DES MOINES, Iowa — Two senate education bills survived the legislative session’s first funnel week.

The first bill was the “bathroom bill” which requires students in elementary and secondary schools to use restroom facilities that correspond with the student’s biological sex. That bill was just introduced a week ago and was voted through committee along party lines

The second bill was the governor’s transparency in education bill. It includes a parent’s bill of rights, and a mechanism for banning books in schools that contain sexually explicit content. The bill also contains similar anti-LGBTQ language as other bills that have advanced this session. Reynolds’ bill prohibits instruction of gender identity and sexual orientation in grades K-3 and requires school staff to inform a student’s guardians if they identify as a gender other than what is on the birth certificate. The bill says that parents need to sign off on their student’s gender identity for the school staff to use the proper pronouns.

Gov. Reynolds’ bill brought the more heated discussions between republicans and democrats.

“I can’t believe that we are even having to have a discussion about sexually explicit materials in the hands of school kids. It is pornography,” said State Senator Sandy Salmon, (R) District 29 from Janesville.

“You can access tremendous amounts of pornography on your home or your home computer. This has nothing to do with school libraries,” said State Senator Claire Celsi, (D), District 16, West Des Moines.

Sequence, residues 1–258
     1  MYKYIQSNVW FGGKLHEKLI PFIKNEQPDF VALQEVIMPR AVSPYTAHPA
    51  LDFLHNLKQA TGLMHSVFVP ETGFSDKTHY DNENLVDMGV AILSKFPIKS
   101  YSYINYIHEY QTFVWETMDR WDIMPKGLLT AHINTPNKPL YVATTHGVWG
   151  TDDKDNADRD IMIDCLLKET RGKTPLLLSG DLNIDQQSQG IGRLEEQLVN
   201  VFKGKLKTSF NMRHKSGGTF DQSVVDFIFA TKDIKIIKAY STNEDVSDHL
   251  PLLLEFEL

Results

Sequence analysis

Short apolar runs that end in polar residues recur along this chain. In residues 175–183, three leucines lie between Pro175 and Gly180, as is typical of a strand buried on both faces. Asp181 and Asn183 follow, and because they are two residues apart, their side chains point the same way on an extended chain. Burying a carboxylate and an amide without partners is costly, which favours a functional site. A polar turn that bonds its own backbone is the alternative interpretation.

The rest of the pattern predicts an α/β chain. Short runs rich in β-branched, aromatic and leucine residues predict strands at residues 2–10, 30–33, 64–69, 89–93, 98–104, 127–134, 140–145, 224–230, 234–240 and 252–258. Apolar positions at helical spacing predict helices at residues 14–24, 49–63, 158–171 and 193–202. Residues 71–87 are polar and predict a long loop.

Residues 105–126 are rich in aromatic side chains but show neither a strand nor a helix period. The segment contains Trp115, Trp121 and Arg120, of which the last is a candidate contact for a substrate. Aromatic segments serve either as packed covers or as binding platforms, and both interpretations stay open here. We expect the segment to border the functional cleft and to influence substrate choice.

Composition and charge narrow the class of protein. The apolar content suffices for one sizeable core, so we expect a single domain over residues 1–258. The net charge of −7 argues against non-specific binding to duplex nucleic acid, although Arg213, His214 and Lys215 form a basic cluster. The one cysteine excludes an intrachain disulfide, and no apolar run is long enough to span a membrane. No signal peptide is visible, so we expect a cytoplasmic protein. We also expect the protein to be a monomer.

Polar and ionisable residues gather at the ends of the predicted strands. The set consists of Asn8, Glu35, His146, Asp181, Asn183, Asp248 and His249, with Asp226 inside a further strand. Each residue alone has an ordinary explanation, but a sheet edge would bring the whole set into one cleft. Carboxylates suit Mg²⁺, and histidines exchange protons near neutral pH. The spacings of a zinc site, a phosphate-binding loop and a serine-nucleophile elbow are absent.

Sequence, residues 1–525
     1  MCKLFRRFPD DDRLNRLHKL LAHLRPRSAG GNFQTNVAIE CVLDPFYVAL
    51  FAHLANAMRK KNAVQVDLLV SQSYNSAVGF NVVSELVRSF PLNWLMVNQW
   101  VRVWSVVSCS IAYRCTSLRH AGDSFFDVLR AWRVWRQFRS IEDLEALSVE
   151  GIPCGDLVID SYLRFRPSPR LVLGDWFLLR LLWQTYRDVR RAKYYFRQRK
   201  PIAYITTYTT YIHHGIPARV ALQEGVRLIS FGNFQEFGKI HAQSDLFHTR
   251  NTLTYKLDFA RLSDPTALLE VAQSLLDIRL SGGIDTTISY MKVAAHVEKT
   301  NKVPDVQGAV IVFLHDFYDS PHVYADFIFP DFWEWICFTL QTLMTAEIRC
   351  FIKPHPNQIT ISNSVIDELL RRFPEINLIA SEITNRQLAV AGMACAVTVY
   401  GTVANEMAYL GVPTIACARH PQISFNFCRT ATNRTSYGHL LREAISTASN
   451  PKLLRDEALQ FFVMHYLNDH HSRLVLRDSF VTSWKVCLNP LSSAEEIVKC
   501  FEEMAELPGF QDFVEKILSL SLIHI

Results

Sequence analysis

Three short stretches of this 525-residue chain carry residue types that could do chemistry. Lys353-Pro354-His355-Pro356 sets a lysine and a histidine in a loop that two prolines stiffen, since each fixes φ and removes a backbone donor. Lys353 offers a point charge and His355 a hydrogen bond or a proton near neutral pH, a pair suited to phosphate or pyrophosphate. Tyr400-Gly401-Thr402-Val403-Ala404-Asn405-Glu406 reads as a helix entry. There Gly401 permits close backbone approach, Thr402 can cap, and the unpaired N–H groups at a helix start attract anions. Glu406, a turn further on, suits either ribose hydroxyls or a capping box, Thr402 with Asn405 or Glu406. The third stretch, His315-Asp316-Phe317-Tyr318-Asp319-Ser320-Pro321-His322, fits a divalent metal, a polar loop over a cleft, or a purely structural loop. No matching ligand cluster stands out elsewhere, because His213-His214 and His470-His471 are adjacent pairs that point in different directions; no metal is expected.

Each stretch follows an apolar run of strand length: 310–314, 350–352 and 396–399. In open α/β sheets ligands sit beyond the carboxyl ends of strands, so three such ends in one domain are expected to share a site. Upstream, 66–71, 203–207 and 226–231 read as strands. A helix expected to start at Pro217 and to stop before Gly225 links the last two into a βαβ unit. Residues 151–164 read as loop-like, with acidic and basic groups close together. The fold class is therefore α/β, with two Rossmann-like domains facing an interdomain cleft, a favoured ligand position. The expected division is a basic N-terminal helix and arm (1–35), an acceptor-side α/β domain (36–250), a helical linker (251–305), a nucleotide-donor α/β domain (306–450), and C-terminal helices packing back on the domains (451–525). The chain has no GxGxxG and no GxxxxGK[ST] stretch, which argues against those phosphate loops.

“I don’t know how you get more engaged than approving or disproving than by understanding what your child is accessing in school,” said Senate President Amy Sinclair, (R), District 12, Allerton. “I don’t know how you get more engaged in that as a parent I see this as a bill that improves our instruction to children, it actually improves parental engagement in the educational process.”

“This bills takes all of that away from local parents, it takes away their ability to weigh in and be apart of decision making processes. State legislators are taking away local parents’ rights, their decision making, their choices, violating their trust with their local schools,” said State Senator Sarah Trone Garriott, (D), District 14, Waukee.

Both bills will likely see debate on the senate floor before March 31, which is the deadline of the second funnel.